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About The daily Nebraskan. ([Lincoln, Neb.) 1901-current | View Entire Issue (Nov. 16, 1951)
VOL 51 No. 45
Friday, November 16, 1951
u cs ira u Oil u'
To Feature Hindus
what will" happen in Russia
when Stalin dies?
This topic will be discussed by
Maurice Hindus at an all-University
Hindus, War correspondent in
Moscow for the New York Herald
Tribune for four years, will pre
dict which member of the Polit
buro will succeed Stalin.
He has met members of the
Politburo and heard many of
Stalin's speeches. Hindus will
also tell of Stalin's rise to
power his peasant background,
his character, ideas, victories
and defeats. Stalin's struggle
with Tito will also be discussed.
Hindus is a native . of Russia
He came to the United States
when he was 14. He attended Col
gate university and Harvard.
Since World war II he has trav
eled in the Middle East and writ
ten several books on this topic.
Hindus is also the author of sev
eral books about Russia. He has
given a series of lectures, since his
return from the Middle East. .
Hindus will speak at 11 a.m.
at the Union ballroom. All
classes will be dismissed.
Students and faculty members
may meet Hindus at a coffee hour
in the Union music room at 2
p.m. He will answer questions
about his lecture and about his
experiences, his work and the
countries he has visited. Hostesses
at the coffee hour sponsored by
the Union convocations commit
tee will be Ruth Sorenson and
Hindus will hold a press con
ference at 10 a.m. in the Union
faculty lounge. He will be the
guest of student and faculty
members at a noon luncheon.
Lynn Kunkel, chairman of the
Union , convocations committee,
will introduce Hindus at the con
vocation and at the luncheon. Miss
Kunkel and Bob LaShelle, spon
sor of the convocation committee,
will be hostess and host at the
Other committee members as
sisting with the convocation are
Charles Swingle and Jo Reif-
TV To Show
The 1,386 members of the foot
ball card section for football
games will have a special job on
their hands Saturday. The entire
card program will be televised
nationally and entails special ef
fects. Flash number one, saluting
the migrating Coloradoans, will
be "COLORADO." Honoring
University students will be a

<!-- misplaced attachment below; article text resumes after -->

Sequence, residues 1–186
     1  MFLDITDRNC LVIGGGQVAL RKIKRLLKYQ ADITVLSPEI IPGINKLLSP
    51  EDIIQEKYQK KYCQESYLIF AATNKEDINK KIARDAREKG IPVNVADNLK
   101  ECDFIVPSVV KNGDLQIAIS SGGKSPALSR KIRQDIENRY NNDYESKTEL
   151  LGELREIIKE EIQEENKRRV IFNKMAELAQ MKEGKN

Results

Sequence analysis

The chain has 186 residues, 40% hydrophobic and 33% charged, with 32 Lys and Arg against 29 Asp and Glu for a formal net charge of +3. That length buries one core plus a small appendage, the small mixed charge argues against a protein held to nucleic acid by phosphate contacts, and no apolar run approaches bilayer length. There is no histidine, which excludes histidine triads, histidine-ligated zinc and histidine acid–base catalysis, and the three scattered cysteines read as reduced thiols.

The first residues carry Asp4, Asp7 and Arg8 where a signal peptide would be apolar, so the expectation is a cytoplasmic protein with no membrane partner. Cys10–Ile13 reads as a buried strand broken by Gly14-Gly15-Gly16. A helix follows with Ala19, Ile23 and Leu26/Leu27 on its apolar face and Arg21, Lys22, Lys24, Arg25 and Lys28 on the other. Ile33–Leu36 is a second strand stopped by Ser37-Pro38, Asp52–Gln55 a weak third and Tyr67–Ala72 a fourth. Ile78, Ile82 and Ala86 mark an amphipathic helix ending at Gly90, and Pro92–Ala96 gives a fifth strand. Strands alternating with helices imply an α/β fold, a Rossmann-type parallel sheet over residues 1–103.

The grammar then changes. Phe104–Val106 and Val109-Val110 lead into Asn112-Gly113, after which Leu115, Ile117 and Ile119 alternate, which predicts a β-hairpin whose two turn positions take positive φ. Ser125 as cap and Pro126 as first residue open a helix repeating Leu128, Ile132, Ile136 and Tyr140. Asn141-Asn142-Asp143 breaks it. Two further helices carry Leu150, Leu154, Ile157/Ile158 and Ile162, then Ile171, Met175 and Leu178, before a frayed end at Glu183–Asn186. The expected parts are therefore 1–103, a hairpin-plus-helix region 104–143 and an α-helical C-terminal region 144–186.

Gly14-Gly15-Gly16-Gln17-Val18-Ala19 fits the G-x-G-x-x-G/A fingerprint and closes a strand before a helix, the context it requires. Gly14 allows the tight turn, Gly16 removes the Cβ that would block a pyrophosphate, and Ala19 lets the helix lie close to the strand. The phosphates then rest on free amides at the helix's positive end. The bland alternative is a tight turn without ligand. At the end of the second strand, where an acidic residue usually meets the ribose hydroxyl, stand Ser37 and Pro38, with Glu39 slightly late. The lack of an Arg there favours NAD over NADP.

'flash from the card section,
The third flash will form the I scnneiaer.
face of a clown, in keeping with!... L. J
the circus theme planned by the!250 SmOrOOSDOTCl
, marching band. ! . ,
Fourth flash is a moving ef-nTif Ugfe fQ Oil SOIG
- -i t ' 1 , , . ,. t ii -
liCKeis are now on saie iur uie
third annual Home Ec Smorgas
bord, which will be held Thurs
day, Nov. 29, from 5:30 to 7:30
p.m. in the Foods and Nutrition
building at the Ag college campus.
The smorgasbord is sponsored
and prepared by the Home Econo
mics club, and will have as its
theme as the United Nations, tea
turing food from foreign countries.
The tickets may be obtained in
the Home Economics building or
in the Ag Union. Due to limited
space, only 250 tickets are avail
able for the Smorgasbord.
Joan Sharp is in charge of the
AWS Drop Slips Due
University women who have
activity points exceeding the
maximum of 11 under the new
AWS point system must turn
in their - drop slips at- Ellen
Smith hall by noon today.
Any overpointed coed desir
ing to keep the activities she
now has must turn in her ap
peal application to the AWS
board by this noon also.
An explanation regarding the
appeal must be stated in a form
information blank obtained Jn
Ellen Smith hall. Appeals must
Include the nature of the work
in each position held. If she
feels her work is doubly
pointed or is of seasonal na
ture, she should state this in
her request. A copy of her class
schedule must also be included.
national TV audience. The band
will be playing "The Man On The
Flying Trapeze" and the cards
will be moved on the beats of the
Schedule of card movements
will be: a count of one, two,
three, on the music beats; then
cards up; moved right, .noved in
front of face; cards ("own; cards
up, moved left, in front of face,
down; cards up, moved right,
in front of face, and down. This
entire flash process ill then be
Half-time activities of the
marching band will be led off
with the formation of an animal
wagon to the tune of "I Love a
Parade." - The wagon wheels will
move 10 yards, down the field to
be " followed by ' formation of a
clown accompanied by the finale
A giraffe that nods its head, ac
companied by "The Thing," a fer
ris wheel, rotating at the same
time that the card section works,
and formation of an elephant to
the tune of "Lassus Trombone"
will complete the band activities.!
Major W. J. Crutsinger
To Address Air Society
Major W. J. Crutsinger, of Of
futt air force base, will speak to
the Arnold Air Society Tuesday,
Nov. 20, at 7:30 p.m. on "How
Flying Safety Affects the Nation
and Organization of Strategic Air
Command." The meeting will be
held in the Military and Naval
Science building lounge.
Saturday is "Welcome Colorado
Day" at the University and over
1,500 Coloradoans will get a taste
of Husker hospitality when they
invade the Nebraska campus for
the Husker-Buff football contest